• U.S. Pat. No. 5,918,259 discloses a method and apparatus for monitoring air for the presence of bacteria and spores. This device uses a high volume virtual impactor to collect the particulate fraction from the air. The particulate fraction is then transferred to a processing fluid. Detergents and luminescent test reagents are then added to the processing fluid line so that measurable amounts of ATP are released from the bacterial cells present in the fluid. The presence of ATP is finally monitored by converting the light signal emitted from the processing line. Although this method claims to provide a continuous and automated monitoring, it does not use a filter and it does not seem to be able to discriminate between dead and live bacteria present in the air, and does not seem to discriminate either between pathogenic and nonpathogenic bacteria, as ATP is a component of all cells. [0014]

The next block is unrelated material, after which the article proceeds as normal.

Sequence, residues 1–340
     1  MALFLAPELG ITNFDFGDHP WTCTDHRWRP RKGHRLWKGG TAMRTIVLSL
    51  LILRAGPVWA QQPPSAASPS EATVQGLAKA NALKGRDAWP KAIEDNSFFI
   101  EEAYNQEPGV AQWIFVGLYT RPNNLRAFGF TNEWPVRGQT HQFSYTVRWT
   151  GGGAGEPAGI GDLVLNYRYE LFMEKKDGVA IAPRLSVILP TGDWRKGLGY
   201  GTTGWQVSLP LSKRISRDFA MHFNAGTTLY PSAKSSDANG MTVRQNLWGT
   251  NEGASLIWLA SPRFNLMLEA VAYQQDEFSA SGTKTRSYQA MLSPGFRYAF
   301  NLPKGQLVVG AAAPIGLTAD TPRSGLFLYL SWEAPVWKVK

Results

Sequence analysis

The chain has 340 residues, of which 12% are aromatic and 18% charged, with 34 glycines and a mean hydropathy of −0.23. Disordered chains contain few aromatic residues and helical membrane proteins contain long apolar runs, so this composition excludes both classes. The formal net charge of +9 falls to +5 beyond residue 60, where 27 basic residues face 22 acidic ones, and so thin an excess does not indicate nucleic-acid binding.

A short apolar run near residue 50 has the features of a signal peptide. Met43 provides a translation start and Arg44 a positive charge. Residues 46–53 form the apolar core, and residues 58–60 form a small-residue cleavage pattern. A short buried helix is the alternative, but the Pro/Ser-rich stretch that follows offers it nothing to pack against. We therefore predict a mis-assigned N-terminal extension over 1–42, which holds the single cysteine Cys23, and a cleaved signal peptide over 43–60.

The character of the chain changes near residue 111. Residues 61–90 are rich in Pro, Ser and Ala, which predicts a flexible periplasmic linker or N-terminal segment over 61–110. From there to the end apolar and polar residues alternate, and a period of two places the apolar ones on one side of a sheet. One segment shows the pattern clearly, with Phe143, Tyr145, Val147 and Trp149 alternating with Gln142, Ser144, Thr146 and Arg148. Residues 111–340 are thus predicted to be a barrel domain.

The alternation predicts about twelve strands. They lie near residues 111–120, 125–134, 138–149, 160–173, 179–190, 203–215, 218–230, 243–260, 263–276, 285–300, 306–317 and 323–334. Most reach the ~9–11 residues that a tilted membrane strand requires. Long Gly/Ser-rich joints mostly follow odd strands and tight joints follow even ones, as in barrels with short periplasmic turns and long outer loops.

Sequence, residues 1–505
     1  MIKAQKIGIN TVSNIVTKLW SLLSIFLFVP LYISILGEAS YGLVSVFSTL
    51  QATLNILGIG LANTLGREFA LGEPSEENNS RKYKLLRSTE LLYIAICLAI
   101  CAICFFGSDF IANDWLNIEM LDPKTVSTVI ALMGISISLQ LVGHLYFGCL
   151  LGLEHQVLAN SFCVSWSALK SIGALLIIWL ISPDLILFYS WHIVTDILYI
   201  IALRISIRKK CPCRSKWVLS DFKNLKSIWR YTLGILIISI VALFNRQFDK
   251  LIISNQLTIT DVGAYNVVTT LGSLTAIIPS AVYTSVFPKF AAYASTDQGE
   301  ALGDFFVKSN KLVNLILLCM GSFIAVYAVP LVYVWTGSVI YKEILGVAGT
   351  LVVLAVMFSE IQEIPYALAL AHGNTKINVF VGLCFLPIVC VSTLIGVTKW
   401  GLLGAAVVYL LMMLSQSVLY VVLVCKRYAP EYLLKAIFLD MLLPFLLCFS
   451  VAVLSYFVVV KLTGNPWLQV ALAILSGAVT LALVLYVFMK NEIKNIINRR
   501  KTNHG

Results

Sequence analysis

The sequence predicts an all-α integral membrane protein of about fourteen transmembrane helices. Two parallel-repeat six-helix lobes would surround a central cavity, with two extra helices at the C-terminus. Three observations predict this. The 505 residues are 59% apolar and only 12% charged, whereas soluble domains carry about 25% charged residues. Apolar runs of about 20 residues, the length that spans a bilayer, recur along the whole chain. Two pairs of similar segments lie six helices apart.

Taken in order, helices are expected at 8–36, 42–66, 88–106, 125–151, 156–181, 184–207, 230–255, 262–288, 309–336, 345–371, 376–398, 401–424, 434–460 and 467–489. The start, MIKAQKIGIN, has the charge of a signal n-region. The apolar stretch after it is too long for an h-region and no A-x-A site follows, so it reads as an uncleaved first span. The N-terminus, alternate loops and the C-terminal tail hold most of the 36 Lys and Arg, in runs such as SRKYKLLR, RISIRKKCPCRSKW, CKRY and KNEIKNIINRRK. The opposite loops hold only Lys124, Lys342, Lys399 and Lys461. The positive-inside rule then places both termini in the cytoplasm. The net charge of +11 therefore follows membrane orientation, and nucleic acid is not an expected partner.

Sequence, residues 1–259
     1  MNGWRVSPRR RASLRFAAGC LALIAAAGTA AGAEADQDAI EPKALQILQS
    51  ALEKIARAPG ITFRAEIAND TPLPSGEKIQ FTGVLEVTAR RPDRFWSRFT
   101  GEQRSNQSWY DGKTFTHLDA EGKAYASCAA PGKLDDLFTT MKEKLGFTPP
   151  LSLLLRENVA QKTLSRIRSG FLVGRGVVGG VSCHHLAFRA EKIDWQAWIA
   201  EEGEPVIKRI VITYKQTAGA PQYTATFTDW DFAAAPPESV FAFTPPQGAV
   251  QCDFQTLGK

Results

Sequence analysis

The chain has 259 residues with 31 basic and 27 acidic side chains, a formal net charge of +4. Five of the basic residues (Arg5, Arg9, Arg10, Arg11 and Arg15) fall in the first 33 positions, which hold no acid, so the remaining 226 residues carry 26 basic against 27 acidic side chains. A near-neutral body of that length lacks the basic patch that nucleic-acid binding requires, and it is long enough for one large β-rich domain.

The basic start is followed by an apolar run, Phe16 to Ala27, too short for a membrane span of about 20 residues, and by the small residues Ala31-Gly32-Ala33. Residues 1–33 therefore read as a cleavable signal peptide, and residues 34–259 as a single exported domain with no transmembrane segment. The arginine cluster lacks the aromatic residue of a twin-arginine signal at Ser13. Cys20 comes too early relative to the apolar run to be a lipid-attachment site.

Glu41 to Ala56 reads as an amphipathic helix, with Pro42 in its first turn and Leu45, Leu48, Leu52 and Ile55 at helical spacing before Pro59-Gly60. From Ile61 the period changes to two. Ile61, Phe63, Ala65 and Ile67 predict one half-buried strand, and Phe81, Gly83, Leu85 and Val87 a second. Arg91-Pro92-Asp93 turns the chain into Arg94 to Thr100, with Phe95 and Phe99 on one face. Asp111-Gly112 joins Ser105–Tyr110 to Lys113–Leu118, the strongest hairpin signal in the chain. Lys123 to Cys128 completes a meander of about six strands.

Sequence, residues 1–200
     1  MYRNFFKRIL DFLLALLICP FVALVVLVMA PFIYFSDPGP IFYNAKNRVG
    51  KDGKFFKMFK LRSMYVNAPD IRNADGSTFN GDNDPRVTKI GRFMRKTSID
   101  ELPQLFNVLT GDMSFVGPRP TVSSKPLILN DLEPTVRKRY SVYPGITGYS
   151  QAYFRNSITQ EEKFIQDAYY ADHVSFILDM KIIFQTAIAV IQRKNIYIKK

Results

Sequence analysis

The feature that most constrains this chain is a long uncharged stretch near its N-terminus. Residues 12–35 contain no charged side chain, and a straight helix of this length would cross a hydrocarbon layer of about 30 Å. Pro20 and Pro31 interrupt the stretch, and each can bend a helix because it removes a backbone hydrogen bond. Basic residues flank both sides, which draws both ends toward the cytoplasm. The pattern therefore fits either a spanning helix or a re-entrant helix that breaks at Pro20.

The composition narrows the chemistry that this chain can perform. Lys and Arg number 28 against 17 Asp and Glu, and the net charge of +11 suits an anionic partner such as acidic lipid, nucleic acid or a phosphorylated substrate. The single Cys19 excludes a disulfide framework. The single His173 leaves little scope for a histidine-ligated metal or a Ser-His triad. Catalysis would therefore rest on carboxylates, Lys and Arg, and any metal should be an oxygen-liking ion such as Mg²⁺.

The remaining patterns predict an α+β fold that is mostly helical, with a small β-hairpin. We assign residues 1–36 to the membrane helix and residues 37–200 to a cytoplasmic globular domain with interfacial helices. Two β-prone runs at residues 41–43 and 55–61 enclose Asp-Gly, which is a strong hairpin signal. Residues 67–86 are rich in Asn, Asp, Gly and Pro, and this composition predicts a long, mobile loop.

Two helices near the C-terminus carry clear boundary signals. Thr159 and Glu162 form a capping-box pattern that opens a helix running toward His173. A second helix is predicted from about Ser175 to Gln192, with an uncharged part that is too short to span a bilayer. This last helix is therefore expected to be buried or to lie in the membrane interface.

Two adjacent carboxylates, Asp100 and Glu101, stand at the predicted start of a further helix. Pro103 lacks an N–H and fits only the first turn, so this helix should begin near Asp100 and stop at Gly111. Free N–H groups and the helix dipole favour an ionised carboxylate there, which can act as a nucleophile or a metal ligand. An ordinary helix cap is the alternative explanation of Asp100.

• U.S. patent application No. 2001/0029793 A1 (continuation in part of U.S. Pat. No. 6,267,016) also discloses a combined method. In this case, microorganisms are captured on the arcuate vans of an impact collector as ambient air is aspirated by a fan rotating at a speed superior to 5000 rpm. The arcuate vans are then rinsed and the resulting particulate-laden rinse fluid is then analyzed using an immunoassay-based detection unit. However, this instrument has been designed to run for limited periods of time (“real-time” mode), which is undesirable in some cases. [0015]